The Loneliest Cancer - ReportDownload
Six-year-old Amelie Callanan was diagnosed with Ewing’s Sarcoma, a rare type of cancer in the bone. She lives in Redhill, Surrey with her parents and younger sister.
Amelie was diagnosed with Ewing’s sarcoma in her left leg in August 2018.
“We were told it was a tumour that was growing in the bone which could mean amputating her leg,” says her mum Emma, 41. “The cancer had also spread to both of her lungs. It was the worst news any parent could be given.”
Amelie was treated at London’s University College Hospital (UCLH) and took part in a clinical trial to improve the treatment outcome. She had 14 rounds of chemotherapy over the next six months. But just before Christmas, doctors said they had no choice but to amputate her left leg above the knee. She had the operation four days after her sixth birthday.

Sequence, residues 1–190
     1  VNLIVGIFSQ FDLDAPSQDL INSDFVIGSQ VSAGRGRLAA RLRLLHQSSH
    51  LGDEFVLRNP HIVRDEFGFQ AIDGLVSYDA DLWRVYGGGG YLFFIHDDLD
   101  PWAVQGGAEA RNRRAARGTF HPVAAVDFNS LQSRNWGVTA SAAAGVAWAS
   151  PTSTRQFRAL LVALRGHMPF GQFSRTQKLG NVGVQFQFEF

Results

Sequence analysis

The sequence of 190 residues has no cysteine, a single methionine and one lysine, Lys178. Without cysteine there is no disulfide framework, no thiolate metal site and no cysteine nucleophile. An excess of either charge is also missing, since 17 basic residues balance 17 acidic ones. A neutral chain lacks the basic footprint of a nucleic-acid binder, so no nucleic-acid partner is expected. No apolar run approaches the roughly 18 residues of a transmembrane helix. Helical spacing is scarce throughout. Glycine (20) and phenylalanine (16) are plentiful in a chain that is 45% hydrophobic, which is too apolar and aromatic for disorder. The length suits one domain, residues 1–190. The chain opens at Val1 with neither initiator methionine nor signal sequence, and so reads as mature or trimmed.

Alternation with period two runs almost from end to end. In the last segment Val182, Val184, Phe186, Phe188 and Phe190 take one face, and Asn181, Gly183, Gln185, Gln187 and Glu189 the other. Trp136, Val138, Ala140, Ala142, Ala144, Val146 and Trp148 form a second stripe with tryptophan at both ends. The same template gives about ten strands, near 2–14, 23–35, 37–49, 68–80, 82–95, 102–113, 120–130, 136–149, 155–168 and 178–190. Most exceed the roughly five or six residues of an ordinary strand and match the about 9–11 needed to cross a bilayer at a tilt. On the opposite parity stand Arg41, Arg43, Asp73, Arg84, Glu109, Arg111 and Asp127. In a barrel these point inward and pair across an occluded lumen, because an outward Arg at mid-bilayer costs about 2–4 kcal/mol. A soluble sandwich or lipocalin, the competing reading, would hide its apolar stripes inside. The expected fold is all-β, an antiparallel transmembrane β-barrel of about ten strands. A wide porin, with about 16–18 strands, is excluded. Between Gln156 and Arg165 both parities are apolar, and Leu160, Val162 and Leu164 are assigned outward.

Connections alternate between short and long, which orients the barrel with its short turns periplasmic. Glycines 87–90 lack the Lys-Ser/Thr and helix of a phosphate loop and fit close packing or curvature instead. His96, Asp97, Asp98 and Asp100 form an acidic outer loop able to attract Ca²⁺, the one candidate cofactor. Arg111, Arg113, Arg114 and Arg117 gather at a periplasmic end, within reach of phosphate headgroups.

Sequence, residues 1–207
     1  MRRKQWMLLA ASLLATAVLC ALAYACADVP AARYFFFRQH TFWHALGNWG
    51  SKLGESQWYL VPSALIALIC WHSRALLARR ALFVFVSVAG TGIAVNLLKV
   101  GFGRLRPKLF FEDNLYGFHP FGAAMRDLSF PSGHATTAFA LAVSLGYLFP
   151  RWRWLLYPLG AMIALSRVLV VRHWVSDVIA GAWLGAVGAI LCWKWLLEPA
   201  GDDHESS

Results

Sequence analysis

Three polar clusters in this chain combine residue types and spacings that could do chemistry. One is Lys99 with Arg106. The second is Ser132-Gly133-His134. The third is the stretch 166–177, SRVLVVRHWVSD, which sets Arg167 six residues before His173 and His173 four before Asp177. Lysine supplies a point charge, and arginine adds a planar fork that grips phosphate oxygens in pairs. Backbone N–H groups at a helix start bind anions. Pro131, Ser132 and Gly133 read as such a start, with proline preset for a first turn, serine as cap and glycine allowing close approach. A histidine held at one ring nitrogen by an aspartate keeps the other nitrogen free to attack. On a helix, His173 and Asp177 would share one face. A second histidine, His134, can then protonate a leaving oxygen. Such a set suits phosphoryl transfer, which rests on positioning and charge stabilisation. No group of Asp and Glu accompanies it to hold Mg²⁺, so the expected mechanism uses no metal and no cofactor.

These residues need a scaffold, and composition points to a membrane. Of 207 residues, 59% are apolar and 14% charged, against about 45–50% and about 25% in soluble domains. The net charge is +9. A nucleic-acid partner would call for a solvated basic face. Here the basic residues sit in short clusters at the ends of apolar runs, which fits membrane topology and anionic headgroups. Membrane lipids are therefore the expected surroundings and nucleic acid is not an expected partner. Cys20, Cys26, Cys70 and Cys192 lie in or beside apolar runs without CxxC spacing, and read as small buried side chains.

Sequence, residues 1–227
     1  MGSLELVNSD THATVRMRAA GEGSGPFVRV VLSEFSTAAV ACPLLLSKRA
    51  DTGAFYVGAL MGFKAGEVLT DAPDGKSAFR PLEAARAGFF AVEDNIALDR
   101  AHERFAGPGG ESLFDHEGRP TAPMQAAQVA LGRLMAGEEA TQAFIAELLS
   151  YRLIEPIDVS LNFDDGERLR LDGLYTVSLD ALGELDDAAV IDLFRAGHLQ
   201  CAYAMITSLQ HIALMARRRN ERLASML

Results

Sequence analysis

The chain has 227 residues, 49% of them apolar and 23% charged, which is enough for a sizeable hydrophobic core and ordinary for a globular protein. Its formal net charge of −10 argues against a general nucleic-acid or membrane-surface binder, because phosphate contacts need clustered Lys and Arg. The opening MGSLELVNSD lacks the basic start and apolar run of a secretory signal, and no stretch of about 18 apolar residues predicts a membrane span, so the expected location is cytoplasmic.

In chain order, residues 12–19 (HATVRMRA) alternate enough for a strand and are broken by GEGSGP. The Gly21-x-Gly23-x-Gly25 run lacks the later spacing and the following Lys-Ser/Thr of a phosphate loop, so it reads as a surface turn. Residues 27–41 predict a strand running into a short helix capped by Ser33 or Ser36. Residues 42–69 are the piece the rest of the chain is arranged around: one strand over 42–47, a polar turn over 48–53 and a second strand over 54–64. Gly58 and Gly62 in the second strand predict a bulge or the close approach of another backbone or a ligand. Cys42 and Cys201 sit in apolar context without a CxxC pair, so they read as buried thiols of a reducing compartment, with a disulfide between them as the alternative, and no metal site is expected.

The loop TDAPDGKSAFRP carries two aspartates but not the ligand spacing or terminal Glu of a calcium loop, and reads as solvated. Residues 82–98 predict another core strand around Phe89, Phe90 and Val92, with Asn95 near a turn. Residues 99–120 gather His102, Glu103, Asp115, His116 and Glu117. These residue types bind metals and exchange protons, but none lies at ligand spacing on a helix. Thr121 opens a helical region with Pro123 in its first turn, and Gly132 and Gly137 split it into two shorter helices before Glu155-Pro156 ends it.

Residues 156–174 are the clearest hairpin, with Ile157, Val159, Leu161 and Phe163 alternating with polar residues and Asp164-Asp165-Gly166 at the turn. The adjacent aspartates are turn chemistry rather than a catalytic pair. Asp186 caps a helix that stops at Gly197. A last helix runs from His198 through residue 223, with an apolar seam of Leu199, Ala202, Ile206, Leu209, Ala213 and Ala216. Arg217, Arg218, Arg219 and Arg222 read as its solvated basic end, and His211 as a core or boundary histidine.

“Amelie’s amazing,” says Emma. “Two weeks after her amputation, with help she was doing short distances on her scooter. Soon she was back swimming and rushing about.”
Amelie had further chemotherapy and radiotherapy. After at first using a prosthetic leg, she now has a bright pink blade. There’s no longer any sign of cancer in her lungs.
“When Amelie was first diagnosed it felt isolating, as apart from other children on the hospital ward, we didn’t know much about sarcoma,” says Emma. “It can be a lonely cancer.
“My biggest fear when we knew she’d lose her leg was we’d also lose the Amelie we knew. But that’s not been the case. She’s bounced back and everyone has accepted who she is.”